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The risk of fishing expeditions in the context of public procurement law challenges: a price worth paying to ensure transparency and equality of treatment? (Bombardier v Merseytravel)

  • United Kingdom
  • Competition, EU and Trade - Competition e-briefings
  • Public procurement

23-05-2017

Introduction

In a recent judgment on an application to vary consent orders relating to the establishment of a confidentiality ring (Bombardier Transportation UK Limited v Merseytravel [2017] EWHC 726 (TCC)), the court decided that despite some concerns about the possible risk of "creep" and "an unjustified fishing expedition" a claimant in the position of Bombardier was entitled to have appropriate access to the successful tenderer's bid so as to be in a position to investigate fully the contracting authority's comparative treatment of the tenders, either to confirm existing unequal treatment concerns, or to establish new freestanding allegations.

The court's decision

Bombardier’s claim was initially based upon allegations relating to the way in which Merseytravel had conducted the procurement process and how its tender had been scored. No complaint was made in relation to the scores awarded to the successful tenderer (Stadler).

During proceedings, Stadler’s tender documents were disclosed into a confidentiality ring which included members of Bombardier’s legal team. Bombardier subsequently raised allegations of unequal treatment and sought an order amending the terms of the confidentiality ring to enable experts appointed by Bombardier, together with a limited number of Bombardier’s employees, to inspect Stadler’s tender in order to understand properly Merseytravel's comparative treatment of the tenders submitted by Bombardier and Stadler.

Stadler had objected to the order sought by Bombardier and Merseytravel sought to protect Stadler's position by resisting Bombardier’s application. The matter proceeded to an interim hearing at which the Court considered concerns raised by Merseytravel that Bombardier was “seeking unfairly to expand the claim by trawling through the successful Stadler tender and its evaluation, seeing if ‘something might turn up’ in order to justify a separate complaint of unequal treatment”. The Judge expressed a degree of sympathy with these concerns, recognising that, an unsuccessful tenderer is not in a position to complain about the comparative scoring of the successful tender unless and until that documentation is disclosed.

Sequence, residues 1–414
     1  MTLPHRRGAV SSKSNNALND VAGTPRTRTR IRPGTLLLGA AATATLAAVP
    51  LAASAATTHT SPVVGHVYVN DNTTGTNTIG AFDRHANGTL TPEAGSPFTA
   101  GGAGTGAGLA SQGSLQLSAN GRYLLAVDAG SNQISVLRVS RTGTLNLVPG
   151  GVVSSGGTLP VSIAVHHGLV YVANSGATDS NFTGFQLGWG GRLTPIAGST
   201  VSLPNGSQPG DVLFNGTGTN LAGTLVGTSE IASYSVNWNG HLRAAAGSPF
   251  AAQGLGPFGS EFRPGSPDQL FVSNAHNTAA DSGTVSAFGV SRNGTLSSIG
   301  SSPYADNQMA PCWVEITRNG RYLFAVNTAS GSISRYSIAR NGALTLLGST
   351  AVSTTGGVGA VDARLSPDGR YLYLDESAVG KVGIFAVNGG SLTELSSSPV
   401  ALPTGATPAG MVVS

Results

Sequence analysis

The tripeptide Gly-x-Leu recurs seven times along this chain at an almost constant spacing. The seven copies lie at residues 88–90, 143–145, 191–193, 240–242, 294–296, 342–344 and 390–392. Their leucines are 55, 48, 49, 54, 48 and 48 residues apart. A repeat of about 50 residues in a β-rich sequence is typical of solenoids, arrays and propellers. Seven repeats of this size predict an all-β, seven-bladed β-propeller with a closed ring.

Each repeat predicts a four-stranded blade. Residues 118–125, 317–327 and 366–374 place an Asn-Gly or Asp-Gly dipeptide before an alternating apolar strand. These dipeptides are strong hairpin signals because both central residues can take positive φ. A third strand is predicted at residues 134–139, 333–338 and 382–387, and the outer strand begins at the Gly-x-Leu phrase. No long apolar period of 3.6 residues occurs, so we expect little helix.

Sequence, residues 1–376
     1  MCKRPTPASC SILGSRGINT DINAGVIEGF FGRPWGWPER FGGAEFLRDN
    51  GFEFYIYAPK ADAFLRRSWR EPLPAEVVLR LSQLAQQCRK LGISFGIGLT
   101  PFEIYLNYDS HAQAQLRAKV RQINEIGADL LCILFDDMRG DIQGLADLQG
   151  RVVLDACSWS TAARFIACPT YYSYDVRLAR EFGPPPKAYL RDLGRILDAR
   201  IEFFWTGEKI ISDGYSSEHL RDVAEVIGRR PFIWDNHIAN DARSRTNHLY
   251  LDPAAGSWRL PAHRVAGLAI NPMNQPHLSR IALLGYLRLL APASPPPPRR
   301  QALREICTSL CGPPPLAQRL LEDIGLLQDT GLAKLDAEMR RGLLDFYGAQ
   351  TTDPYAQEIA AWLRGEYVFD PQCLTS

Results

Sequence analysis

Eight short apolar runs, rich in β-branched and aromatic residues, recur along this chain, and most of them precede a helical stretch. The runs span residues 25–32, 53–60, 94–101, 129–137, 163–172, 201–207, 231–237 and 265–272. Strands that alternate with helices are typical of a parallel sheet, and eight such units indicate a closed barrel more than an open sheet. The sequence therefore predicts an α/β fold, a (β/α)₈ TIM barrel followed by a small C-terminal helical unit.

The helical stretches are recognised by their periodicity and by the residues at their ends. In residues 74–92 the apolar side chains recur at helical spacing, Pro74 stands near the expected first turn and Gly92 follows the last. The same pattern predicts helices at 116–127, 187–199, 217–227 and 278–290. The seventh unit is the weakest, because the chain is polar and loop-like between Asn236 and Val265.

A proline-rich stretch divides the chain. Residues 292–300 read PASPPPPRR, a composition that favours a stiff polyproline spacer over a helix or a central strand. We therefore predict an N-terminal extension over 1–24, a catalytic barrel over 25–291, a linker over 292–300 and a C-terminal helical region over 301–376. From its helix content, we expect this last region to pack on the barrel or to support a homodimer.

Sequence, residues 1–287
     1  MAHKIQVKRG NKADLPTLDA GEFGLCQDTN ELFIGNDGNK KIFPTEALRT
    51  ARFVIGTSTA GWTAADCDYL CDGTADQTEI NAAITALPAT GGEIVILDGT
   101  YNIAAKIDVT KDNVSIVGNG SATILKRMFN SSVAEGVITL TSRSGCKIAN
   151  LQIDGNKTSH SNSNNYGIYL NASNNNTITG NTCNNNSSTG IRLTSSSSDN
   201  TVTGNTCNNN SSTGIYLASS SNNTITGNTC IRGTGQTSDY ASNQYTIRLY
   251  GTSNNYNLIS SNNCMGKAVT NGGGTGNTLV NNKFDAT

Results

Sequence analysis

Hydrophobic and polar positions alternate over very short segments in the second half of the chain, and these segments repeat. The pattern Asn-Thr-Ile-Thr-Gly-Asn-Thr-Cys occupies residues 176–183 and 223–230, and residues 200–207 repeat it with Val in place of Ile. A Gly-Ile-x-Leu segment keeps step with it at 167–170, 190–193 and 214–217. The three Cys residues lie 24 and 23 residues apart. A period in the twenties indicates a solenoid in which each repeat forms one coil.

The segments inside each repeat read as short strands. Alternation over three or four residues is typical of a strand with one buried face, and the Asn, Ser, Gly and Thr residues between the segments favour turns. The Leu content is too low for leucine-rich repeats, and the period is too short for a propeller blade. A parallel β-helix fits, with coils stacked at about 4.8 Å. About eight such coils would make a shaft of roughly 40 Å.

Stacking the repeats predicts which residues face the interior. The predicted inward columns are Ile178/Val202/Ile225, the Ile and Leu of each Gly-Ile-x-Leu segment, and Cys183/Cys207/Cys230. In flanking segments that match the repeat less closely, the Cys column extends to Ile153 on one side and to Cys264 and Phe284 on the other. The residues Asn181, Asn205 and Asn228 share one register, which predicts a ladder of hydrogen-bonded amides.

Nevertheless, concerns regarding “an unjustified fishing expedition” and “creep” in procurement cases could not be taken too far. Recent cases demonstrated that failures on the part of contracting authorities to ensure equal treatment of tenderers were not uncommon. In view of this, “a claimant in the position of Bombardier is entitled to investigate fully the comparative treatment of the tenders, either to confirm criticisms it has already made, or to found freestanding allegations.” This justified an order allowing all members of the confidentiality ring, not just Bombardier’s legal representatives, to access Stadler’s tender for the purpose of ascertaining whether Merseytravel had treated the tenders submitted by the Claimant and the successful tenderer equally.

This judgment is also interesting for the fact that the Judge concluded that subject to considering Stadler's and Bombardier's submissions on the matter he was minded to hold the successful tenderer, rather than the defendant, responsible for the claimant's application costs. This order was made on the basis that the Defendant was neutral as to whether the tender documents were disclosed to Bombardier but, as Stadler objected to the order sought by Bombardier but decided not to attend the hearing, the Defendant was obliged to act to protect Stadler’s position. The Judge held that notwithstanding the fact that Stadler was not a party to the claim and had not participated in the hearing, it had acted unreasonably in objecting to certain elements of the application and should pay Bombardier’s costs.

Comments

This Judgment appears to indicate an increased willingness to allow Claimants access to documents in order to investigate the comparative treatment of tenders, even if allegations of unequal treatment were not included in the original claim. This follows recent high profile cases which demonstrate failures on the part of contracting authorities to ensure equal treatment (see for example Woods Building Services v Milton Keynes Council [2015] EWHC 2011 (TCC) and Energysolutions EU Limited v Nuclear Decommissioning Authority [2016] EWHC 1988 (TCC)).

If this approach is adopted more broadly, it may become significantly easier for disappointed tenderers to obtain access to the documents they need to verify the fairness of procurement processes. Contracting authorities and utilities which comply with procurement law requirements should have nothing to fear, but the decision highlights the importance of ensuring that authorities maintain a clear and accurate audit trail which demonstrates compliance with the published procurement documents and justifies the scores awarded to all tenderers.

The decision also highlights that successful tenderers should be aware of the potential cost implications of refusing to allow contracting authorities to disclose confidential documents in the context of procurement challenges.

 

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